All of this potential palaver is worth putting up with though. While there is some noticeable variation in the quality of their pizza bases, when they get it right the results are sublime. A Marinara came with a pillowy soft yet elastically tearable base. Although the oregano was muted and there wasn’t enough of the reasonably punchy garlic, the combination of sweet olive oil and umami tomatoes was still potently flavoursome.
The base of the Margherita was similarly soft and pliable. Umami tomatoes, punchy sweet basil and gooey, milky mozzarella made for an unforgettable threesome. So much so that I almost regretted burdening this accomplished pizza with peppery, creamy nduja – which added a meaty accent to the proceedings – and the cool milky creaminess of torn burrata pieces. Almost.
The Vegetariana may not be imaginatively named, but it’s certainly apt nomenclature. Buttery courgettes, sweet and fleshy bell peppers, umami tomatoes and fragrant basil were all testaments to the green fingers that raised them out of the ground. The only thing more elastic and tearable than the base was the mozzarella, leaving behind taffeta-like trails of gooeyness.
When Rust Bucket is firing on all cylinders, its pizzas can be astonishing works of art. A Marino came with a smaller, but exquisitely well-formed base. Golden, weightless and puffy with a delicate crispness – the very thought of it makes my toes curl and my hairs stand on end. Although the anchovies weren’t especially fleshy, their salty tang was neatly boosted by the oregano and olives – all of which neatly segued into the umami garlic and tomato. It’s just a huge shame that Rust Bucket can’t hit this standard consistently and repeatedly.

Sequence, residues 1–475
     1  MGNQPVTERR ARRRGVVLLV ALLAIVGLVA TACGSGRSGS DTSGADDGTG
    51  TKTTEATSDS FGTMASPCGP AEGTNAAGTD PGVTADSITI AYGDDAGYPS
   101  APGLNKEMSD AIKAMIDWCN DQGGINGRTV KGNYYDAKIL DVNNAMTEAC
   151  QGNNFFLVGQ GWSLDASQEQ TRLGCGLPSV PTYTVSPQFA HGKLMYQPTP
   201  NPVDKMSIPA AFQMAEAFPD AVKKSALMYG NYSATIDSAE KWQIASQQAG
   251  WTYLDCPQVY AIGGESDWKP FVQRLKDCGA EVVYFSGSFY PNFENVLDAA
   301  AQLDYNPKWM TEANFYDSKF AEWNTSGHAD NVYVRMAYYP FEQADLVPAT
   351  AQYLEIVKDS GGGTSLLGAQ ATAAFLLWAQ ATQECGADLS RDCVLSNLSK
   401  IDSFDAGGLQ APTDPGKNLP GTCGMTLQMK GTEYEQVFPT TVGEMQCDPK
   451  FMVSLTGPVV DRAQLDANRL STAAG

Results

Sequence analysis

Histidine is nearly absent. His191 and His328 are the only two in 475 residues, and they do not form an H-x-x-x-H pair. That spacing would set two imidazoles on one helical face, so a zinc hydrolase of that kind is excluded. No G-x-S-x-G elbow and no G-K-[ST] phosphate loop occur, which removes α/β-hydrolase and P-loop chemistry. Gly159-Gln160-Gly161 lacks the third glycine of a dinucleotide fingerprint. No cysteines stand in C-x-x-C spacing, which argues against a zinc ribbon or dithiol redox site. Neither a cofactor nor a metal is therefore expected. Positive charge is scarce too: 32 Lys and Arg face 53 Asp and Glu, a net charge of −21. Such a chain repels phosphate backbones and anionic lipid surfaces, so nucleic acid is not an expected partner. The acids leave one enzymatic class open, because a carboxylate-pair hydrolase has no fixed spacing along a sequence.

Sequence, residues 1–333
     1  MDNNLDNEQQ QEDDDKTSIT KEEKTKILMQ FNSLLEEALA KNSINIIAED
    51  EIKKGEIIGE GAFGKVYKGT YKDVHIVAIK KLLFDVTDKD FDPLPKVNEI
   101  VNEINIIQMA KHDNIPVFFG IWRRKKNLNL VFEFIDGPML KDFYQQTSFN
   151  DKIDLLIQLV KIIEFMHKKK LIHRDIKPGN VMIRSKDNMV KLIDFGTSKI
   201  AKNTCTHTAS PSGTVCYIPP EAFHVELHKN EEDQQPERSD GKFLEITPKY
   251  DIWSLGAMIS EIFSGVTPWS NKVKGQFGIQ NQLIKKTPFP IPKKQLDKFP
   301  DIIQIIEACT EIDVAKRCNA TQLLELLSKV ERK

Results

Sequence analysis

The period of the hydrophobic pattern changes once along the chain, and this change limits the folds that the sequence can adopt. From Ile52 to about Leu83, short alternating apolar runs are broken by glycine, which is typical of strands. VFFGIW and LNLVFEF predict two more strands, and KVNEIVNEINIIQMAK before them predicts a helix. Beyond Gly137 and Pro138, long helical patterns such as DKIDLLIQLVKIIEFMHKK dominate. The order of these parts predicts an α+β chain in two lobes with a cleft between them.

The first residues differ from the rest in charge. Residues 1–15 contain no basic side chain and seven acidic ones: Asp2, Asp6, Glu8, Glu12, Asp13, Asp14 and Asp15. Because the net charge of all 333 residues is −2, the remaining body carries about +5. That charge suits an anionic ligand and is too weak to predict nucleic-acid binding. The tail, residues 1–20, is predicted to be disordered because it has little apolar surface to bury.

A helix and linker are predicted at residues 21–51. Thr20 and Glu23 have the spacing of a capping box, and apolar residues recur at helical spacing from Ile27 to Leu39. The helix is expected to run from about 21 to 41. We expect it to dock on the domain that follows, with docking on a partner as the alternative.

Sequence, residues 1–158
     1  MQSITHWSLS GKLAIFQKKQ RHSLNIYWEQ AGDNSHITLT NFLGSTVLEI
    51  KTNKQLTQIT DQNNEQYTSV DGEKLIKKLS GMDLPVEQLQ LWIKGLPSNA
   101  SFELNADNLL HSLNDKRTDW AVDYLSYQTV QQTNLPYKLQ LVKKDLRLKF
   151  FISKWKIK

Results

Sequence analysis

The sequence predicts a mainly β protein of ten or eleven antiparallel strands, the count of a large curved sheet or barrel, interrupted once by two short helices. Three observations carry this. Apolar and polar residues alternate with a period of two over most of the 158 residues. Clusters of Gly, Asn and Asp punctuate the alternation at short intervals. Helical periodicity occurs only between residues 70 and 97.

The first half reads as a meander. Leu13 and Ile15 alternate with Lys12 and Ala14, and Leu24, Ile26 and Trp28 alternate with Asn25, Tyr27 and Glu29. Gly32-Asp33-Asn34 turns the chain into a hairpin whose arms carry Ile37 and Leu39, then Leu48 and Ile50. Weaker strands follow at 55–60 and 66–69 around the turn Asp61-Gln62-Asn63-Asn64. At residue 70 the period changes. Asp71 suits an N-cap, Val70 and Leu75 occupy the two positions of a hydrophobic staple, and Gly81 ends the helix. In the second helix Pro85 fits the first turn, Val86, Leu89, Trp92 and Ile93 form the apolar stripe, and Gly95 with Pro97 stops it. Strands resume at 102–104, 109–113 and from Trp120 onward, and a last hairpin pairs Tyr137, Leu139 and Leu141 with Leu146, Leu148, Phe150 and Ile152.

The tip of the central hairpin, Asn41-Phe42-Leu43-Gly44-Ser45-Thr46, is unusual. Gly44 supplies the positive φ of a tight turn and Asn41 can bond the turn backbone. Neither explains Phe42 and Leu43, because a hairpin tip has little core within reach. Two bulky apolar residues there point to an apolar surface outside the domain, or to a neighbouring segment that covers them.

When Rust Bucket has an off-day, the quality of its pizza bases suffers noticeably. The base of a tomato-free salsicca and friarielli, while still just about pliable enough, was just a bit too stodgy and hard for comfort. The toppings were top-notch though – the herby bitterness of the meaty sausage morsels was neatly boosted by the similarly bitter leaves and stalks of the supple broccoli. The creaminess of the outrageously gooey cheese helped ensure that the bitterness never became too overwhelming.